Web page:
Preview: UFC Fight Night 136 'Hunt vs. Oleynik'

For something that's been anticipated for years, the Ultimate Fighting Championship's debut in Russia does seem somewhat underwhelming. Dreams of a Khabib Nurmagomedov title fight or other huge headlining affair were dashed once it was announced this card would be on UFC Fight Pass, and this affair does seem to be in the usual style of the UFC's lower-tier international affairs: throw a whole bunch of local talent on the card, put some veteran heavyweights on top and call it a day. There's still stuff to like, though; Russia's talent pool is vast enough that it was almost impossible for there not to have interesting prospects dotting the undercard and the main event should, at the very least, be oddly entertaining. Still, hopefully this is an appetizer for a much bigger Russian affair to come sooner rather than later.

Let's get to the analysis and picks for UFC Fight Night 136: Hunt vs. Oleynik:

UFC Fight Pass Main Card

Heavyweights Mark Hunt (13-12-1, 1 N/C) vs. Alexey Oleynik (56-11-1) Odds: Hunt (-220), Oleynik (+180)

Heavyweight is an old division in general, but this is still a weird main event tilt between two over-40 veterans. It's easy to forget just how unlikely Hunt's success in mixed martial arts has been, particularly this UFC stint. A former K-1 champion, Hunt's combination of ridiculous punching power and durability made him an easy fan favorite in the days of Pride Fighting Championships, but after some early success, opponents learned that you could take Hunt to the ground and submit him rather easily. With the book being out on Hunt, the UFC had little interest in bringing the New Zealand native onto their roster once they purchased Pride, but after spending about three years unsuccessfully offering to buy Hunt out of his contract, they chose to honor the remaining fights on his deal. When Hunt's UFC career started with Sean McCorkle tapping him out in a little over a minute, it appeared that the “Super Samoan” would be out of the UFC in short order, but he knocked out Chris Tuchscherer in his next fight and just kept winning. Within three years, Hunt was facing Junior dos Santos in a top contender's bout, and while that became a second UFC loss for Hunt, he's been a reliable contender and attraction for the promotion ever since. But in recent years, the cracks have been showing a bit, both inside and outside of the cage. Thanks to a run of fighting four straight opponents who had previously or subsequently failed a drug test, Hunt's currently embroiled in a lawsuit with the UFC, so his relationship with the promotion obviously hasn't been the best. And there have been the obvious consequences of being 44 years-old; while Hunt's got in better shape and remains surprisingly mobile, he doesn't have quite the explosive bursts of power he used to and his legendary chin occasionally shows some cracks. Still, he's got enough veteran savvy and physical gifts that he clearly remains a top-15 heavyweight and presents a solid challenge for fellow veteran Oleynik.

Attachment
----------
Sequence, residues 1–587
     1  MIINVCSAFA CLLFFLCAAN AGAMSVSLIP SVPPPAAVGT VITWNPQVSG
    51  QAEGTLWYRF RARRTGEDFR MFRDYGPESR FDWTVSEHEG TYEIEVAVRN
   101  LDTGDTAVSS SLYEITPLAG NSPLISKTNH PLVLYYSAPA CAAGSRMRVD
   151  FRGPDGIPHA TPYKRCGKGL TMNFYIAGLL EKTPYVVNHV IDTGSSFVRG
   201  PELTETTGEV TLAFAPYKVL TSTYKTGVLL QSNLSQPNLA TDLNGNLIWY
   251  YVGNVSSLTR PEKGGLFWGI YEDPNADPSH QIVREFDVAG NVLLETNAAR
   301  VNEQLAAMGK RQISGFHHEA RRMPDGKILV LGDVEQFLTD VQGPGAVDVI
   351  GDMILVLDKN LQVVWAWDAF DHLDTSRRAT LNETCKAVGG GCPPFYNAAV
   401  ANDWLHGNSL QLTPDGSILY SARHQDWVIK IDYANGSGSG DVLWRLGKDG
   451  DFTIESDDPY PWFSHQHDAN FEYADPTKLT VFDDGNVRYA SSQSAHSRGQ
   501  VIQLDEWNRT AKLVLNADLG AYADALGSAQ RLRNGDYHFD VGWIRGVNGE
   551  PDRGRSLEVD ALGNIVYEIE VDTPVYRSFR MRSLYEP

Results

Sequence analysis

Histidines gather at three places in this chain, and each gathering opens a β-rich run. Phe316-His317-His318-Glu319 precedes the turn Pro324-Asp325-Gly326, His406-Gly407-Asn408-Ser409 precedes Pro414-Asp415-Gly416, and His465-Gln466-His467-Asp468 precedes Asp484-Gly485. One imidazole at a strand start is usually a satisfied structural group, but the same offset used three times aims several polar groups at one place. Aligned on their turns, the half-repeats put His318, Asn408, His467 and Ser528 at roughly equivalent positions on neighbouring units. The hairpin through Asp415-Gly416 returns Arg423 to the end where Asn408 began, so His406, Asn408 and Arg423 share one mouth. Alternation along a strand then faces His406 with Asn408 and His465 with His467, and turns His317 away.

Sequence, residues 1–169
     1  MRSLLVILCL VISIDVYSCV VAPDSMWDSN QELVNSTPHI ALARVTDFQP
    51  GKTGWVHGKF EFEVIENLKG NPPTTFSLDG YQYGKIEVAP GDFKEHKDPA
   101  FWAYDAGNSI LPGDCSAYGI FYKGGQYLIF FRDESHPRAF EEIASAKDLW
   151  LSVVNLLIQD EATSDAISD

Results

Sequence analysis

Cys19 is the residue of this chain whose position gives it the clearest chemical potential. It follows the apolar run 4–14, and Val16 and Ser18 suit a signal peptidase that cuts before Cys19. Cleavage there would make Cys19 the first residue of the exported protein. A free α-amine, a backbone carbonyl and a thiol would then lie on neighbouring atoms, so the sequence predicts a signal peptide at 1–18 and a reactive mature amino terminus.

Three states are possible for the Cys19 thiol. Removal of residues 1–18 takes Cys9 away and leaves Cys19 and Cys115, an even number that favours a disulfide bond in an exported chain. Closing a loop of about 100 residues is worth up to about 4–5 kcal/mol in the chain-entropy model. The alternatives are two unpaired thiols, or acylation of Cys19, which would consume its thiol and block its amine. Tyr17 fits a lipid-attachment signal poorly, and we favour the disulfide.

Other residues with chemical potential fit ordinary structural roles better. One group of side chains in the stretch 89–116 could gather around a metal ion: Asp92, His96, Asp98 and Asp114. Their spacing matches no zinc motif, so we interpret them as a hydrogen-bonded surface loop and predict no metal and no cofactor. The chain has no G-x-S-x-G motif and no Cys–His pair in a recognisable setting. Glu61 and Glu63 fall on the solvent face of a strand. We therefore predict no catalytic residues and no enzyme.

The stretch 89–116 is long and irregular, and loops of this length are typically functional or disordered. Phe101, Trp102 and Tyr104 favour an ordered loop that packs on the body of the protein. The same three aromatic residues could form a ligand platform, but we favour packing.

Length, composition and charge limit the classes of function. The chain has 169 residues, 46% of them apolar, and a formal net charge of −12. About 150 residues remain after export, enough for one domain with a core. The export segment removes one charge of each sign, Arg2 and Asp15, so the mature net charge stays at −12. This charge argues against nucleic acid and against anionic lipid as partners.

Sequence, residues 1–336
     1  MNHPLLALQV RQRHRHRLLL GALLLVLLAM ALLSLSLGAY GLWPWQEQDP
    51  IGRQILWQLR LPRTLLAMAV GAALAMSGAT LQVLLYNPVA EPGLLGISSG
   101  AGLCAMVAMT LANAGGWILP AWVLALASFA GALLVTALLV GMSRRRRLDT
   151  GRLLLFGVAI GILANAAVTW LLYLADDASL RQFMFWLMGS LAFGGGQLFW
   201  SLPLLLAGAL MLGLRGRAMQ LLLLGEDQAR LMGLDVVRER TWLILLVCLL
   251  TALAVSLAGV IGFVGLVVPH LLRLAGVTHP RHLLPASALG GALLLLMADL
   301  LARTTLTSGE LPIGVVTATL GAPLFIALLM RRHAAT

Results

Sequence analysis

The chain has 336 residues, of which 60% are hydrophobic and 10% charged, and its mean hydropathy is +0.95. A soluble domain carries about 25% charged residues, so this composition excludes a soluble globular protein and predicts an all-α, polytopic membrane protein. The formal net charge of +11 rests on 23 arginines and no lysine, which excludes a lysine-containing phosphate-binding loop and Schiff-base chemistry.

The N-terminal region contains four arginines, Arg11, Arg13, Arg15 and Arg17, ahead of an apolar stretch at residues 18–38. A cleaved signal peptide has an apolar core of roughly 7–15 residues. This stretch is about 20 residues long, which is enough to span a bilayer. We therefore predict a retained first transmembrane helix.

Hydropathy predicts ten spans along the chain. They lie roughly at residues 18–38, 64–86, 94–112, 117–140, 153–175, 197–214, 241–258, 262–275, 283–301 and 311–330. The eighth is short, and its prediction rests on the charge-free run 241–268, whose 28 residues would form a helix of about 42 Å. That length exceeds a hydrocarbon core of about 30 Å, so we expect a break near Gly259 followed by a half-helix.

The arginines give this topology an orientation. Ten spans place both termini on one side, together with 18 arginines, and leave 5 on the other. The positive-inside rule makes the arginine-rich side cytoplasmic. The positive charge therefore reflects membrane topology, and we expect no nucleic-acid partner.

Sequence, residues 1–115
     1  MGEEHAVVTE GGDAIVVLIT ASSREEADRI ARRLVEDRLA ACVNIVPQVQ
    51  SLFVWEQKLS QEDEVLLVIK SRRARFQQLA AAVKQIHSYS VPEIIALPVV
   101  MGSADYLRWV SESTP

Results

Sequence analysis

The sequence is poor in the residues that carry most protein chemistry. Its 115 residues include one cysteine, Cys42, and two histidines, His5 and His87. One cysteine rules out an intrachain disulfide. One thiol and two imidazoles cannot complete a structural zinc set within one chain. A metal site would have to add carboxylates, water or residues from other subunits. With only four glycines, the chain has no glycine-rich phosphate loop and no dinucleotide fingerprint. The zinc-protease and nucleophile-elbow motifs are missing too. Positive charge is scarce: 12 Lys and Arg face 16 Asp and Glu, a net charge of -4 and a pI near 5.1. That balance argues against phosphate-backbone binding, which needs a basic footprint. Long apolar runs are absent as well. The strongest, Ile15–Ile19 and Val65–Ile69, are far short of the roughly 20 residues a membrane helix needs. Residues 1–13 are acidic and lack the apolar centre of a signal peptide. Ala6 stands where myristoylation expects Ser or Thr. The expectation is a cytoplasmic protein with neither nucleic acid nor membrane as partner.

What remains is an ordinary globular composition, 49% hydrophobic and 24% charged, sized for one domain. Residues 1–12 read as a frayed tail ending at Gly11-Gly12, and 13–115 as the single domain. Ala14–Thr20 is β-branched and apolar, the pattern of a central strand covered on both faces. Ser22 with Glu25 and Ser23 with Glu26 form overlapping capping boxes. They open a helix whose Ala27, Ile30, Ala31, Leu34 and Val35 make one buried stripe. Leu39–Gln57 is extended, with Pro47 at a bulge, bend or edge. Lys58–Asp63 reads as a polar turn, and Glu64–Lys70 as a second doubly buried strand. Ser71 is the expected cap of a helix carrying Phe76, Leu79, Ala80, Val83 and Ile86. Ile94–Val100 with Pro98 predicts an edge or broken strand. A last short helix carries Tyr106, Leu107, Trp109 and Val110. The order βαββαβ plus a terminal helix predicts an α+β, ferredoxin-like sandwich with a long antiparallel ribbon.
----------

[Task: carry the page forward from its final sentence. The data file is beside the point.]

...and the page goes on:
When the now 41 year-old Oleynik was picked up by the UFC as part of their massive 2014 expansion, he was a worthy flier that figured to be little more than an oddity due to his bizarre collection of skills. Oleynik goes by the nickname of “The Boa Constrictor,” which is an apt moniker, as the strongest part of Oleynik's game is his unorthodox variety of chokes; he's not only the only fighter to have a finish via Ezekiel choke in the Octagon, he's managed to do it twice. It really shouldn't work, but it does, and even in his older age, Oleynik has enough on the feet to keep most opponents honest, throwing absolute heat with every str…

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